Background Current guidelines do not support routine antibiotic prophylaxis during elective laparoscopic cholecystectomy. However, routine antibiotic prophylaxis for elective laparoscopic cholecystectomy is still popular in many clinical settings.
Aim To evaluate the role of antibiotic prophylaxis in elective laparoscopic cholecystectomy.
Methods Electronic databases and manual bibliographical searches (updated to April 2008) were conducted. A meta-analysis of all trials evaluating antibiotic prophylaxis in elective laparoscopic cholecystectomy was performed.
Results Fifteen trials were included, involving 2961 patients. After pooling all the trials, 48 wound infections occurred (48/2961, 1.62%), 22 in antibiotic prophylaxis group (22/1494, 1.47%) and 26 in control group (26/1467, 1.77%). The pooled odds ratio (OR) was 0.79 (95%CI: 0.44, 1.41). Four major infections occurred (4/2961, 0.14%), 3 in antibiotic prophylaxis group (3/1494, 0.20%), and one in control group (1/1467, 0.07%). The pooled OR was 2.51 (95%CI: 0.35, 17.84). Fifteen distant infections occurred (15/2961, 0.51%), six in antibiotic prophylaxis group (6/1494, 0.40%) and nine in control group (9/1467, 0.61%). The pooled OR was 0.53 (95%CI: 0.19, 1.50). Sensitivity analyses also failed to support antibiotic prophylaxis’s preventive effect.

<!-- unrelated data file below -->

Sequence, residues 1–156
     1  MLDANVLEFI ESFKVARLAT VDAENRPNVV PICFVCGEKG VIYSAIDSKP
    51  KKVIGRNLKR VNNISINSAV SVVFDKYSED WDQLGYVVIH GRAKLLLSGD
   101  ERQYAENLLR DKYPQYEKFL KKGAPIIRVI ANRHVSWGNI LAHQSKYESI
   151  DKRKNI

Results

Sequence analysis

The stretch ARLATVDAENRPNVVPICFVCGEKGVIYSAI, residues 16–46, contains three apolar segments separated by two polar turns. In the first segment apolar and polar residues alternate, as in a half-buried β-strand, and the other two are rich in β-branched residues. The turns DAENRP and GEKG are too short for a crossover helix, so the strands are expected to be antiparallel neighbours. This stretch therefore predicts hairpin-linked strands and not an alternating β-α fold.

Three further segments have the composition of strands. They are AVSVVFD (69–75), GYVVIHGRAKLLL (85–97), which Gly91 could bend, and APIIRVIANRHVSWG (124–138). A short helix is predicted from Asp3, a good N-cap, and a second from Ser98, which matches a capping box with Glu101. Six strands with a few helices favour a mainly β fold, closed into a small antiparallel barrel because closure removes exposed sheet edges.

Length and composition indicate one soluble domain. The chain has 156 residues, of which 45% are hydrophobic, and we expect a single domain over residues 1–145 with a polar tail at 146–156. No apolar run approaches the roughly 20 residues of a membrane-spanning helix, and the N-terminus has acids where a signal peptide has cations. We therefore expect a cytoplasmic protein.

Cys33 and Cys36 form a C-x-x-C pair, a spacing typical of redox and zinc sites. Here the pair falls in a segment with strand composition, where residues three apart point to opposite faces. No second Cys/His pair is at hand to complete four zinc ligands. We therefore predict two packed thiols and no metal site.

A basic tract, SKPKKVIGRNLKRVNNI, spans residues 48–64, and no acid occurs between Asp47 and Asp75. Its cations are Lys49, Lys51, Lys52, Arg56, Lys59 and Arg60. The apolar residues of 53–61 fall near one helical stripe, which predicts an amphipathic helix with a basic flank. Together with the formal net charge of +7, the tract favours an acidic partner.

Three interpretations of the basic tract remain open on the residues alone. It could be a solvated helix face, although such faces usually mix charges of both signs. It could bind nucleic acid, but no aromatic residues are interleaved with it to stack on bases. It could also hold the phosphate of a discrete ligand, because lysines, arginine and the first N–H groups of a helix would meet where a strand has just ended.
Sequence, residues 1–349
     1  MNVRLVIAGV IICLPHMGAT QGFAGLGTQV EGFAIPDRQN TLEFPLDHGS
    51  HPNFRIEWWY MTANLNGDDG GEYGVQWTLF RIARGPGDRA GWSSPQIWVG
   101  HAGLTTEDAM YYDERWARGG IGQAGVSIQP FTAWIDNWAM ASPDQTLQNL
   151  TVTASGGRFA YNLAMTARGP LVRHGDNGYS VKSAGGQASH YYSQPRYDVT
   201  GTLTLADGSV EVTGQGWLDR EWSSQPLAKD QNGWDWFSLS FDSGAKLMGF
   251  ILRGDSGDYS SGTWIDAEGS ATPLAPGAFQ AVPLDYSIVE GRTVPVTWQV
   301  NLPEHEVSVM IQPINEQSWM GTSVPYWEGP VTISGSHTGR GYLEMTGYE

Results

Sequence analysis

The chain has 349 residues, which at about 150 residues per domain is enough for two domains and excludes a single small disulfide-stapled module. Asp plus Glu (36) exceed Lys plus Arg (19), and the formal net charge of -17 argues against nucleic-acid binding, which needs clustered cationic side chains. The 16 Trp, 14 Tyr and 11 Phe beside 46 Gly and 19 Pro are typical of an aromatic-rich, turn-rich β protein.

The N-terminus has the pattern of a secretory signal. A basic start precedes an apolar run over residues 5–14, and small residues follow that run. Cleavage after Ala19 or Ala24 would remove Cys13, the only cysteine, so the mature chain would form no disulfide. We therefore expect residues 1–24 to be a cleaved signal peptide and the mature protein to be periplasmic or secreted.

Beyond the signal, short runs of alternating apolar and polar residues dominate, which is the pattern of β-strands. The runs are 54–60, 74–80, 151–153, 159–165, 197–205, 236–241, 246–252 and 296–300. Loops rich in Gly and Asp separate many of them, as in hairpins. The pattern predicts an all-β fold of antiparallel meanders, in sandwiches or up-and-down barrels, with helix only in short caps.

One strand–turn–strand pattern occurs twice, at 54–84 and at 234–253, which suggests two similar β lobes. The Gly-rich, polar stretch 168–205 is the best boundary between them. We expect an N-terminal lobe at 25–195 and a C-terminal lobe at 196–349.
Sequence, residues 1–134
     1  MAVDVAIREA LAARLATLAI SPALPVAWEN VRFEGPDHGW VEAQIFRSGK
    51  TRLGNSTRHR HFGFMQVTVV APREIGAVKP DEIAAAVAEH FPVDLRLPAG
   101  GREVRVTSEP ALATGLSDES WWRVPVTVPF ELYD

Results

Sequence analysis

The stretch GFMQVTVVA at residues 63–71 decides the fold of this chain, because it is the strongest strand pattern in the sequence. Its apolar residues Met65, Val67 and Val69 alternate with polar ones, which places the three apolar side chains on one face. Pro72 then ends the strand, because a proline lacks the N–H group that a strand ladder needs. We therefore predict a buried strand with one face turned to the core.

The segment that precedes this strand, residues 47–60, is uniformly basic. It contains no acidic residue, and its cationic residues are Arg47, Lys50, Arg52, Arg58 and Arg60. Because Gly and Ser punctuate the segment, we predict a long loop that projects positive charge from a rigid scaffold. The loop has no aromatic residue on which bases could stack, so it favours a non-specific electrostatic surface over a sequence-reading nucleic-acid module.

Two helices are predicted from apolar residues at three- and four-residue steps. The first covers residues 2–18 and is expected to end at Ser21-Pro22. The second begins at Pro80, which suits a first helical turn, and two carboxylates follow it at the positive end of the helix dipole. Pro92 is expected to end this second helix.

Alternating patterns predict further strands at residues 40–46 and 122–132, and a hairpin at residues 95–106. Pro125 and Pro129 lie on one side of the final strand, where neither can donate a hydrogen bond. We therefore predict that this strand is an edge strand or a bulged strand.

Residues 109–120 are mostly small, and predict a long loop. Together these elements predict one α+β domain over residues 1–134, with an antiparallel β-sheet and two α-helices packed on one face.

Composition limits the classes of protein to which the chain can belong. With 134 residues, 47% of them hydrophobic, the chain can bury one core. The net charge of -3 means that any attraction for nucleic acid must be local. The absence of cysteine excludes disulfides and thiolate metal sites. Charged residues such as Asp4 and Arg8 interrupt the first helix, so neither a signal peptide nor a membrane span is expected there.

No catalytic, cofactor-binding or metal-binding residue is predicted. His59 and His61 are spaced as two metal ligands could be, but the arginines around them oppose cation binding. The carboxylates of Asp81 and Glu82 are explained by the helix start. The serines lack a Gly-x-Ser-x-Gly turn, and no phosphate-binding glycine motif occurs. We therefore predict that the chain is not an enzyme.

Conclusions Considering the absent role of antibiotic prophylaxis in reducing the infectious complications, we suggest that antibiotic prophylaxis is unnecessary and should not be routinely used in low-risk elective laparoscopic cholecystectomy patients.